We Californians justifiably become excited about our many remarkable achievements: we make terrific movies; Silicon Valley leads the planet in technological innovation; our traffic jams are world class.
But when it comes to voting, we give a statewide shrug.
A mere 42.2 percent of registered voters — registered voters — bothered to cast ballots in the November 2014 general election. Los Angeles County bottomed out statewide with a turnout of 31 percent. It gets even worse: The June 2014 turnout was 25.2 percent.
Latinos recently became the state’s single largest ethnic group, with 38.6 percent of the population. But they represent only 19. 6 percent of California’s registered voters.
“I fear we are at the point where voting has become a quaint, old-fashioned pastime of yore, like writing thank-you notes,” says Kim Alexander, president and founder of the California Voter Foundation, an organization devoted to increasing voter turnout.
“We are at risk of the process becoming irrelevant and unfamiliar to a whole new generation of Californians,” she recently told a joint meeting of the Senate Elections and Constitution Amendment Committee and the Assembly’s Committee on Elections and Redistricting.
One of the salient features of Californians’ lack of enthusiasm for voting is the abysmal turnout among Latinos.
California’s Latino population grew by 33 percent between 2000 and 2012, three times the state’s overall growth of 11 percent during the same period, reports the Public Policy Institute of California. Latinos recently became the state’s single largest ethnic group, with 38.6 percent of the population. But they represent only 19. 6 percent of California’s registered voters.
An analysis by political data guru Paul Mitchell found that a mere 28 percent of those registered Latino voters voted in the 2014 general election in California. Thirty-seven percent of registered Asian-Americans voted, as did 32 percent of registered African-Americans and 49 percent of white voters.
Political strategists realize that Latinos are a sleeping lion, but the lion has snoozed for decades, and shows little sign of waking up anytime soon, despite the best efforts of many. The Latino share of California’s 2014 vote declined to 15.4 percent from 19.3 percent in 2012, according to UC Davis’s California Civic Engagement Project.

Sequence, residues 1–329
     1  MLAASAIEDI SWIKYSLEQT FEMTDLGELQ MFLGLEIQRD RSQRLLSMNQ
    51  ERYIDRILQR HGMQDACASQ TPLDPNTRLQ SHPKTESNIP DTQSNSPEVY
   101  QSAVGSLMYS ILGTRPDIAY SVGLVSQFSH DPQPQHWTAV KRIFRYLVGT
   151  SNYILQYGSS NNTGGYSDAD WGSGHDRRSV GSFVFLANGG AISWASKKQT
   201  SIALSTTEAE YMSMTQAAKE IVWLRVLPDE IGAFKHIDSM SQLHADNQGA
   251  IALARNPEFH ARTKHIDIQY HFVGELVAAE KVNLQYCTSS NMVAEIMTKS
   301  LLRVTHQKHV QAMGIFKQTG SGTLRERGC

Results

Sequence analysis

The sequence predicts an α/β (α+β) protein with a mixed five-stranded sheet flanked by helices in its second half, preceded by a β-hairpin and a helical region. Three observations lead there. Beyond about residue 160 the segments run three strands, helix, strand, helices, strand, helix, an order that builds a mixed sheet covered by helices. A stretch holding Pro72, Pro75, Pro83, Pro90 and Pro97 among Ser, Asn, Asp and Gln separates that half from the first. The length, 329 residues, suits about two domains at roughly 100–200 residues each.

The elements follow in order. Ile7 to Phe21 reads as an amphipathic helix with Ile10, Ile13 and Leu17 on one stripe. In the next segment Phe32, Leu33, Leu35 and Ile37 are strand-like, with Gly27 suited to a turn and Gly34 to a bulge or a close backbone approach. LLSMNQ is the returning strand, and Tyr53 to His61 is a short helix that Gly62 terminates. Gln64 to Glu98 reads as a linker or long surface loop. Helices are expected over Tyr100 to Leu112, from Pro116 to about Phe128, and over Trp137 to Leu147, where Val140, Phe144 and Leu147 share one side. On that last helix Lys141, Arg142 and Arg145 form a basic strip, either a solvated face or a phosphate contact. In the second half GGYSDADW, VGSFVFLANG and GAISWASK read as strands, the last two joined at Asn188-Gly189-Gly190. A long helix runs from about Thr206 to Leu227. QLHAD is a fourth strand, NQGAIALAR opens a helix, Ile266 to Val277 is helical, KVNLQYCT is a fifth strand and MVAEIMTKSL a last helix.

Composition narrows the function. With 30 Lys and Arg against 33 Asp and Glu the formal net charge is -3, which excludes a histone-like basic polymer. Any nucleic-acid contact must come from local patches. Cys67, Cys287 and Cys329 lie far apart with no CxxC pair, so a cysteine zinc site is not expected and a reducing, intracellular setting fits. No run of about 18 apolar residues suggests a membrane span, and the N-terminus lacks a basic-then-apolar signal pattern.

What accounts for the low Latino turnout?
Young people gave voting a pass last November. Only only 8.2 percent of Californians age 18-24 cast a ballot.
Among other things, a vicious circle: Because they don’t vote in numbers comparable to whites, campaign managers with limited budgets ignore them; because they’re ignored, they don’t vote; because they don’t vote, they’re ignored.
Bill Wong, an expert on Asian voting patterns and campaign consultant, says the same thing holds true for Asian voters. “It’s a chicken-and-egg thing,” he says.
There are also related structural barriers to Latino and Asian voting, including lack of knowledge about the registration/voting process, language difficulties and the consequent diminution of access to voter information. There is also the possibility that decades of corrupt politics in Mexico may have simply turned off Latinos about voting and government in general.
If the lack of voting from Latinos isn’t bad enough, young people gave voting a pass last November. Only only 8.2 percent of Californians age 18-24 cast a ballot.
“In California, an 18- or 19-year-old was more likely to be arrested this year than actually vote in one of the statewide elections,” Mitchell told KQED’s John Myers.
There are a number of additional theories about the overall voter decline. Some observers point out that the November 2014 midterm election wasn’t particularly exciting, so fewer people, regardless of ethnicity, bothered to cast ballots. Not many Californians thought that Jerry Brown would have trouble disposing of Neel Kashkari. There were no ballot initiatives that would set off torchlight parades.
In a year with a hotly contested presidential election, however, voter participation zooms, says data expert Mitchell.
“In all of the Asian campaigns I’ve been involved in, reaching out is vital.”
“You have to differentiate between elections,” he says. “Turnout for local and state elections is strikingly lower than for national presidential elections. It’s like someone who pays little attention to pro football until the Superbowl. Voters pay attention when it’s the Superbowl.”